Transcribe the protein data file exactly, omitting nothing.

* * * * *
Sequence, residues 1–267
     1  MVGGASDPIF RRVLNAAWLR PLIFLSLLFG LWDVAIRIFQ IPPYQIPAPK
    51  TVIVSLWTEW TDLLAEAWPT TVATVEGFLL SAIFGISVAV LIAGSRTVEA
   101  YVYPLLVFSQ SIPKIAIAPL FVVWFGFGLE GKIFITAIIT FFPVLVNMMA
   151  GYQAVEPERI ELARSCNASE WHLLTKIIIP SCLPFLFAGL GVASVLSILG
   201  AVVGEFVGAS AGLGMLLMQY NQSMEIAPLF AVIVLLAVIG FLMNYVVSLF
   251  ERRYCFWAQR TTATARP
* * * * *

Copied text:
Sequence, residues 1–267
     1  MVGGASDPIF RRVLNAAWLR PLIFLSLLFG LWDVAIRIFQ IPPYQIPAPK
    51  TVIVSLWTEW TDLLAEAWPT TVATVEGFLL SAIFGISVAV LIAGSRTVEA
   101  YVYPLLVFSQ SIPKIAIAPL FVVWFGFGLE GKIFITAIIT FFPVLVNMMA
   151  GYQAVEPERI ELARSCNASE WHLLTKIIIP SCLPFLFAGL GVASVLSILG
   201  AVVGEFVGAS AGLGMLLMQY NQSMEIAPLF AVIVLLAVIG FLMNYVVSLF
   251  ERRYCFWAQR TTATARP